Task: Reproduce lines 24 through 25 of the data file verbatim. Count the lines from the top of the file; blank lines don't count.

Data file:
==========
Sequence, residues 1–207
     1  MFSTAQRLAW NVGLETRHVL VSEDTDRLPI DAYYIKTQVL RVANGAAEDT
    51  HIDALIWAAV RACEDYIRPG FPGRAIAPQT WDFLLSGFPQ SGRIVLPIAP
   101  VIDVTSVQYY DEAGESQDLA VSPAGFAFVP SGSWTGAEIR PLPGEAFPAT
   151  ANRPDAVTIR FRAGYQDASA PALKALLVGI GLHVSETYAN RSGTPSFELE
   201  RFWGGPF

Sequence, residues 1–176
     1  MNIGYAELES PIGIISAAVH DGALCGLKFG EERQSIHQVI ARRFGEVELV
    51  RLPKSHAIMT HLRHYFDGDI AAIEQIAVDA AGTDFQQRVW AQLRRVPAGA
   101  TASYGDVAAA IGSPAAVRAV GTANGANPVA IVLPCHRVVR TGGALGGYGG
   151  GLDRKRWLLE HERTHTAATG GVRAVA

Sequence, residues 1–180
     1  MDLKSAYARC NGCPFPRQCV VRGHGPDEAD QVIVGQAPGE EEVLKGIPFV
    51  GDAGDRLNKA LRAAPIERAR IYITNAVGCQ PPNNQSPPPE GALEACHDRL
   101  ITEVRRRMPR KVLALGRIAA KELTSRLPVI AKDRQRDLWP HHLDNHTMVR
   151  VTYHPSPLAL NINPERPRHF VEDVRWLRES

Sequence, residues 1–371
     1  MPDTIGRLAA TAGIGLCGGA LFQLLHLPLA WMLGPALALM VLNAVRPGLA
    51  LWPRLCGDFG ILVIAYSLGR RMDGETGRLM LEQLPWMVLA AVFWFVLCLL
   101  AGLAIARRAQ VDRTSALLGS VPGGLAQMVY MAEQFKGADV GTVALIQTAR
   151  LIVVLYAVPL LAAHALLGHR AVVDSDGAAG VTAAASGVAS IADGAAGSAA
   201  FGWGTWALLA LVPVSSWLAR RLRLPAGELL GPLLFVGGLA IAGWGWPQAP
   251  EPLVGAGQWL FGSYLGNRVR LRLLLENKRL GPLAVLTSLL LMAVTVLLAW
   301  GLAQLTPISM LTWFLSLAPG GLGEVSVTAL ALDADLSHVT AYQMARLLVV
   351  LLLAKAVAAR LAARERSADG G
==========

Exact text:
   301  GLAQLTPISM LTWFLSLAPG GLGEVSVTAL ALDADLSHVT AYQMARLLVV
   351  LLLAKAVAAR LAARERSADG G